Disposable Sports Sedan #1: 1991 Alfa Romeo 164
Poking around BaseFook the other day, one of the ads from which they thought I would derive tremendous value from was a t-shirt for The Manual Gearbox Preservation Society. “Pfft!” I thought, hating the fact that technology thinks it knows me better than I know myself. Then I started thinking that maybe the Interwebs were onto something. We’ve talked before about the gradual disappearance of the stick shift, and there’s no denying its days are numbered. So I took it upon myself to poke around looking at assorted manual cars that 1) I’d be stupid enough to buy, and 2) wouldn’t break the bank. Enter the Alfa 164, and this solid example located in Tulsa, OK for a paltry $2,500.
I have always loved the 164, largely because when it came out it looked like absolutely nothing else on the road – and yet distinctly Italian. Bear in mind this was the time when contemporary cars included the BMW E34 5-series, Mercedes W124, Volvo 240, and a whole lotta mediocrity out of Detroit. The 164 was angular and muscular, but in a slightly delicate way. After all, it was designed by Pininfarina, the Italian design house responsible for damn near every Ferrari ever built.
Based on a platform jointly developed among Fiat (Croma), Lancia (Thema), Saab (9000), and Alfa, the 164 was arguably the sportiest of the lot (if you take aside the EXTREMELY limited Ferrari V8-powered 8.32) – even is base form. It had the most aggressive stance and gave the impression of high speed even at a standstill. It is not a big stretch to imagine this car with Ferrari badges, although I have always been just a tad disappointed that it was front-wheel drive. But then, when you drive one, you kind of forget that.
The 164’s “Arese” motor was a work of art, and a far cry from today’s plastic-cladding to hide the mechanical glory that lies beneath. Originally designed for the old Alfa 6 sedan, the 3.0 liter 12 valve version seen here was good for 184hp and 192 lb-ft of torque, translating to 0-60 times in the mid-7 second range and a top speed of 140mph – not Earth-shattering by modern standards, but not too shabby, either. But that was only half of the story: the glory of this motor is the sound it makes. It’s without equal in the world of V6s, and it feels a lot faster than the numbers would suggest. The downside of them is that they require love. Lots and lots of love. One of my first memories of the 164 goes back to about 91-92 when the TTS team paid a visit to Alfredo’s Alfa Romeo in Larchmont, NY, where the very attractive daughter of the owner showed us around a showroom cramed with assorted Alfas and Maserati Biturbos, and a shop containing not one, but two 164s with the cylinder heads removed. Timing belts every 40K, folks. You have to care about this motor.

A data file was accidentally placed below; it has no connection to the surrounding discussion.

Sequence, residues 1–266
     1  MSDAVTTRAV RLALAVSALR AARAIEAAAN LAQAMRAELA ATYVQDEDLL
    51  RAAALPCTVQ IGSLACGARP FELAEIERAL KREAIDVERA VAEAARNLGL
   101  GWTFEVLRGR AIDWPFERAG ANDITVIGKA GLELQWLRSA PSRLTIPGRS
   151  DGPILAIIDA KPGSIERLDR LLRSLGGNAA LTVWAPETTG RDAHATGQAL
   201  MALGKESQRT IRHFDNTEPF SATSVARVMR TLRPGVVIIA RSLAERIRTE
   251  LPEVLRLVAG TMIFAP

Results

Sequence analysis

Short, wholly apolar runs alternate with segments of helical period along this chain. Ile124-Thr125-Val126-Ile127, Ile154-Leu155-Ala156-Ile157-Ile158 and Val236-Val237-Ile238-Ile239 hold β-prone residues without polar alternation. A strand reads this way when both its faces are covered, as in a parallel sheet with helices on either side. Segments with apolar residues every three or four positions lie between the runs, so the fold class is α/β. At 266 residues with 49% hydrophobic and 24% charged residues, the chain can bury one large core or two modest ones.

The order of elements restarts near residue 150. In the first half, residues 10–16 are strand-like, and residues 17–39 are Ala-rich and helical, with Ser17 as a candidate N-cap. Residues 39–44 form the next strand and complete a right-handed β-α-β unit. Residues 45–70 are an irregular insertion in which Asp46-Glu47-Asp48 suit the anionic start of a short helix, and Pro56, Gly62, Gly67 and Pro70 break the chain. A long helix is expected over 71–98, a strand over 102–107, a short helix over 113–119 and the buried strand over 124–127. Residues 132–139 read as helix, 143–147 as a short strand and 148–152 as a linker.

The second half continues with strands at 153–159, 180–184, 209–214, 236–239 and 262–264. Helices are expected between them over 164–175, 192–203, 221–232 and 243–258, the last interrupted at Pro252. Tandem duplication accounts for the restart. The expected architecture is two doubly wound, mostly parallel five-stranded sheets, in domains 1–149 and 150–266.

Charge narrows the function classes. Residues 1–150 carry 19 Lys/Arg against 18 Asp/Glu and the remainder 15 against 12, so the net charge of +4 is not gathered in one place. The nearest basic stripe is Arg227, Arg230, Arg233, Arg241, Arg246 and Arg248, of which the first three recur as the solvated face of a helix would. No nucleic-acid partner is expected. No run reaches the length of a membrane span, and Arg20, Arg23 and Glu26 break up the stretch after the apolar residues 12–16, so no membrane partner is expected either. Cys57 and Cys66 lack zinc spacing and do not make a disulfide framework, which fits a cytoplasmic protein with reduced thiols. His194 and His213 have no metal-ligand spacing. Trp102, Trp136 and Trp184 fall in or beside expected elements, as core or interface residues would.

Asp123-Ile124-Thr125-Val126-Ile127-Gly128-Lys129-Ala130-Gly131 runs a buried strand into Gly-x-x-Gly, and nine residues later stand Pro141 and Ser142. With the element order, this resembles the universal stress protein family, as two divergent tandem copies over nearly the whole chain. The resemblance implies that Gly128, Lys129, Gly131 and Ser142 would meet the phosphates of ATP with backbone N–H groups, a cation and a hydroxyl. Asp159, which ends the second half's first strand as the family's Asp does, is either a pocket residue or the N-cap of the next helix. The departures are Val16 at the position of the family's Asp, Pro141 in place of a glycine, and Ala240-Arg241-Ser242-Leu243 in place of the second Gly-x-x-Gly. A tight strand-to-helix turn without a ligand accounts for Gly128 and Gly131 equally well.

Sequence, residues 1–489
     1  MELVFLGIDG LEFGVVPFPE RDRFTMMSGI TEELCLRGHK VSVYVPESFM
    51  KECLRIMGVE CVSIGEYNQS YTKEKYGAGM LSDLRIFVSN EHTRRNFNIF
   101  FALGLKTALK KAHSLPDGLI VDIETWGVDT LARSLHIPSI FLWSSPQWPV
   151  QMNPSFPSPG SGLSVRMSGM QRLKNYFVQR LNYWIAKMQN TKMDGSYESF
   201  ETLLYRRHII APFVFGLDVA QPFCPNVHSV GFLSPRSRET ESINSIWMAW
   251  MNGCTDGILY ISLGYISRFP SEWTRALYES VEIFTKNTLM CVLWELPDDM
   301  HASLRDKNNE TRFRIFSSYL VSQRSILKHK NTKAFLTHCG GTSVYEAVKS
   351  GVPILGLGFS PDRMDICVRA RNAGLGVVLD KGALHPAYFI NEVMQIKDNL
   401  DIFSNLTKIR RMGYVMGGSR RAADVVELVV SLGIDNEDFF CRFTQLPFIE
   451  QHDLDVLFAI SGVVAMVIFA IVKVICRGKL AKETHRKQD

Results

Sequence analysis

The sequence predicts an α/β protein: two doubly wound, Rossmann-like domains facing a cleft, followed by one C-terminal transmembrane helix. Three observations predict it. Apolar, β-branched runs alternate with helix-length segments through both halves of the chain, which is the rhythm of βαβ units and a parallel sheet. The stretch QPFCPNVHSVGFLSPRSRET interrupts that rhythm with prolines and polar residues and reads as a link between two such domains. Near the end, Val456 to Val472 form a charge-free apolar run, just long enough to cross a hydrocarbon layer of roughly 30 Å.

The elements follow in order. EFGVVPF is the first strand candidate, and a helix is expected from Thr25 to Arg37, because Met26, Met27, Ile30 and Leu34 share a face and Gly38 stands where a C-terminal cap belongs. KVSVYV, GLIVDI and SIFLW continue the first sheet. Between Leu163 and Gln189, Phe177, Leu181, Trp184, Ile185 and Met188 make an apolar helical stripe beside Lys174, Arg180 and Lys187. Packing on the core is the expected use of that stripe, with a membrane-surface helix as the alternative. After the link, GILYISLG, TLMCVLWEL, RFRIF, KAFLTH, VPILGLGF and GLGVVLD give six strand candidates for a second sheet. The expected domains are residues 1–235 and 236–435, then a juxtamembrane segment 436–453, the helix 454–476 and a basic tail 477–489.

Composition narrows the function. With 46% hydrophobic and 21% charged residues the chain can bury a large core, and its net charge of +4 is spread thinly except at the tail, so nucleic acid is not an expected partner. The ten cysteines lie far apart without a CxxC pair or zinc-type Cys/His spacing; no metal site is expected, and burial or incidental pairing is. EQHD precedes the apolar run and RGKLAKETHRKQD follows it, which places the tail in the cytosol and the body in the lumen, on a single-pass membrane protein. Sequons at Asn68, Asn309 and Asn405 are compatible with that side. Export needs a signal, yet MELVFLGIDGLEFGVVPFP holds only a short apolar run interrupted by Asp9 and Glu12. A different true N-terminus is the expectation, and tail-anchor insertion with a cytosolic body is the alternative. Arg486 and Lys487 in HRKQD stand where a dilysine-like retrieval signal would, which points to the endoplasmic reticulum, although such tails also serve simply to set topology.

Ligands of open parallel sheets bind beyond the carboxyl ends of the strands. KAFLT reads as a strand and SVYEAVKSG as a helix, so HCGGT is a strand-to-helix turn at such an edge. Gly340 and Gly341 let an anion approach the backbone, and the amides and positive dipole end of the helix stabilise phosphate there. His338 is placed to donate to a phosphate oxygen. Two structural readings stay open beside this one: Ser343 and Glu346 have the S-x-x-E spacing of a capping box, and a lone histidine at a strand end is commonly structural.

But we’re car enthusiasts here, right? That means that we’re not averse to a little bit of preventive maintenance, right? Especially with the prospect of rowing 5 cogs attached to that motor! This car delivers the experience, and for half the cost of a business-class ticket to Europe. Heck, to paraphrase Sally Struthers, for just the cost of an elaborate Starbucks coffee drink a day for a year, you could have this car – and not feel bad about using it. Frankly, driving these cars only makes them happier. Ever heard of the “Italian tuneup”..? It’s a real thing. And fun, too.
Sure, it’s got some wear, but this is a tremendous amount of sports sedan for the price. 164s also came nicely equipped, with sunroofs, power windows, power locks, air conditioning, and more gauges than a small airplane – most of which appears to work in this case. It’s got a few bumps and bruises, but frankly that’s part of what makes it an ideal winter driver in my book. Car Geeks among us who have lived in the snow belt know darned well that you really want a stick in the snow – it makes the process of rocking and applying throttle in moderation a lot easier than clunking a car into “D” and hoping for the best. If you’re really ambitious, there is a little room to make it nicer as you drive it, but I don’t think I’d be exchanging my 401K for 164 bits anytime soon.
The fact of the matter is that this car is of a time gone by. It was designed and built with passion, which as we all know means that it is flawed. The control layout is confusing at best, but looks fantastic. The styling is like none other (and do NOT compare it to a 1997 Toyota Camry!), especially with this car’s added “S” model spoilers, side skirts, and alloy wheels. People will ask you what it is, and as the joke goes the stick shift is a built-in anti-theft device. I love that the toolkit and original owner’s books come with it. This car was loved. Driven, but loved. Need something for the days when you don’t want to drive the “good” car? Want something where you can row your own gears and pound the back roads and make really cool racing motor noises? Here’s your ticket.
Cheap way to get into the Alfa game! But I haven’t heard of the “Italian tune-up.” Is that code for “engine removal and replacement”? Nice little example right here. Let’s hope it goes to a good home.
“Italian tune-up” refers to exercising the motor and the chassis, and to drive the car as the universe intended. Hard and fast. Rev the motor, match the rpms on downshift, and become one with the car…..
I was always of the opinion that an “Italian tune-up” consisted of using a motor in such a way that the entire range of the tachometer from idle to red line was covered, along with a bit of sustained upper-range RPM bursts to clean out the carbon. I like TTS’s definition better, though.